“I’ve played in teams who are scrapping for their lives,” he said. “I’ve played in the Premier League with a bunch of players from the Championship who should never have stayed up.
“The one thing we had, ultimately, was team spirit. Sometimes you can get away with being very, very average if you have that. I would class myself as an average football player. But I’ve had a ‘team’ around me in my career. And it works.”
An away crowd of 3,000 related to that and were naturally riled; in London, at Charlton, at their own expense while players who were paid to be there couldn’t make the effort to step onto the bus.
Leeds have aspired to better than average for years. They have fallen short for years. The city has never let the club go, clinging onto Darwin’s Law and the promise that a team of this size must break the Championship’s ceiling eventually, but not everyone kept the faith.
On Tuesday, for their League Cup tie against Newport County, Leeds set entrance prices for children at £1. Through 13 years of post-Premiership football, the years when the sell of tickets is most hard, that simple promotion had been forgotten or purposely avoided.
In simple terms, previous regimes did not think kids-for-a-quid had any long-term benefits.
“Many supporters have told me that our absence from the Premier League has created a ‘lost generation’,” said chief executive Angus Kinnear.
“I know fans find it galling to see children wearing the shirts of our rivals on the streets of our great city. I’ve been told this didn’t happen 15 years ago and it’s our responsibility to ensure it doesn’t happen in the future.”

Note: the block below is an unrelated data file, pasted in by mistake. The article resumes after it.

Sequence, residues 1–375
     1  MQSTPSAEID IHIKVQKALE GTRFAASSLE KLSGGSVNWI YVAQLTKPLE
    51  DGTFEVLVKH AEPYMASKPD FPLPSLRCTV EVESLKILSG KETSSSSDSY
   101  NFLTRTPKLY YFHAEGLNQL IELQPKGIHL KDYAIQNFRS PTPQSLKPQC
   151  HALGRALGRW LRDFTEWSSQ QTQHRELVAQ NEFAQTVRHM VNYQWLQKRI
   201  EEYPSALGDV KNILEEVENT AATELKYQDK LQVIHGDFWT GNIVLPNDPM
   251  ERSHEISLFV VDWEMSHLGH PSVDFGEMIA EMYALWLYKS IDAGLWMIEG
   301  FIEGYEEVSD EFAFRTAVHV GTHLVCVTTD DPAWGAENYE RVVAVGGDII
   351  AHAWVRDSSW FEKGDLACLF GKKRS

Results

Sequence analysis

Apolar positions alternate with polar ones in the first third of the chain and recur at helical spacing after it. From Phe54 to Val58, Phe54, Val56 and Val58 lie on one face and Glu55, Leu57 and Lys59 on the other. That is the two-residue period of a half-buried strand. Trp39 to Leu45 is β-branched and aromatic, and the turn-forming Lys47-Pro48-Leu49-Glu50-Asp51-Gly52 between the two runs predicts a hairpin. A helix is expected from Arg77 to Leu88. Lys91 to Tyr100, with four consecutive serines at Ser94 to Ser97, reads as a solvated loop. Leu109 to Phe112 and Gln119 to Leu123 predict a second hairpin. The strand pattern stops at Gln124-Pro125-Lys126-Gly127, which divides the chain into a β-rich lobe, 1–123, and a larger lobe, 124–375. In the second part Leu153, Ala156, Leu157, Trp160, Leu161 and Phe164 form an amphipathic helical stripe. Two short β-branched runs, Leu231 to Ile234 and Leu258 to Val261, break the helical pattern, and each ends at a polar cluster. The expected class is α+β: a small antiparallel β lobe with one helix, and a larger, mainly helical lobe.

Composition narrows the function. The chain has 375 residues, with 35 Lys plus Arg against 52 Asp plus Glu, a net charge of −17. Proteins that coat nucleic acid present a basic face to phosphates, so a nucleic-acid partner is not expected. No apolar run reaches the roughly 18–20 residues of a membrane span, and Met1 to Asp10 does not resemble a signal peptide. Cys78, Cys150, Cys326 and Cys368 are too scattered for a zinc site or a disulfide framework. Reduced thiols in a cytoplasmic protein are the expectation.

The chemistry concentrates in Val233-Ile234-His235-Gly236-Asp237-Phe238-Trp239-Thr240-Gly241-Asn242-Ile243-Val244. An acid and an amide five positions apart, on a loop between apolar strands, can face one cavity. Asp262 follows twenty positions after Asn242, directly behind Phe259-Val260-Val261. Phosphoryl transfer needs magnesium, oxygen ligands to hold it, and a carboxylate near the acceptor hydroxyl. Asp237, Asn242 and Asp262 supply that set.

The second half against Newport, when Leeds went to town, was worth a pound. In return, the club inspired that little rush, the first creep of addiction which feeds a lifetime of support.
Leeds have changed since Charlton and, even with Cellino in the building last season, began changing some time ago. Doukara had his volley against Nottingham Forest and his mercurial cameo at Wolverhampton Wanderers. Silvestri had his moments too and stuck with the programme professionally last season.
Resentment shifted towards tolerance and old scores mattered less as players like them were squeezed out by others.
Doukara had been hard work for the past fortnight, agitating for a transfer which Leeds granted him on Wednesday, but this was not Chris Wood in disguise. Leeds lost a cornerstone of their team when they sold Wood to Burnley. Doukara was essentially free to go.
Without Wood, United’s remaining players beat Sunderland last Saturday and celebrated the win with abandon down the tunnel.
It was less about Sunderland, the Championship or what the result said about their season than it was to do with the emotion of players who had chosen to be there, wanted to be there and felt sure that none of the camaraderie was an illusion.
The atmosphere might not last because no dressing room is perfect but the transition of players has given Leeds a squad who can play without skeletons on their backs.
It leaves Charlton as a salutary footnote, no more or less than the saga deserves.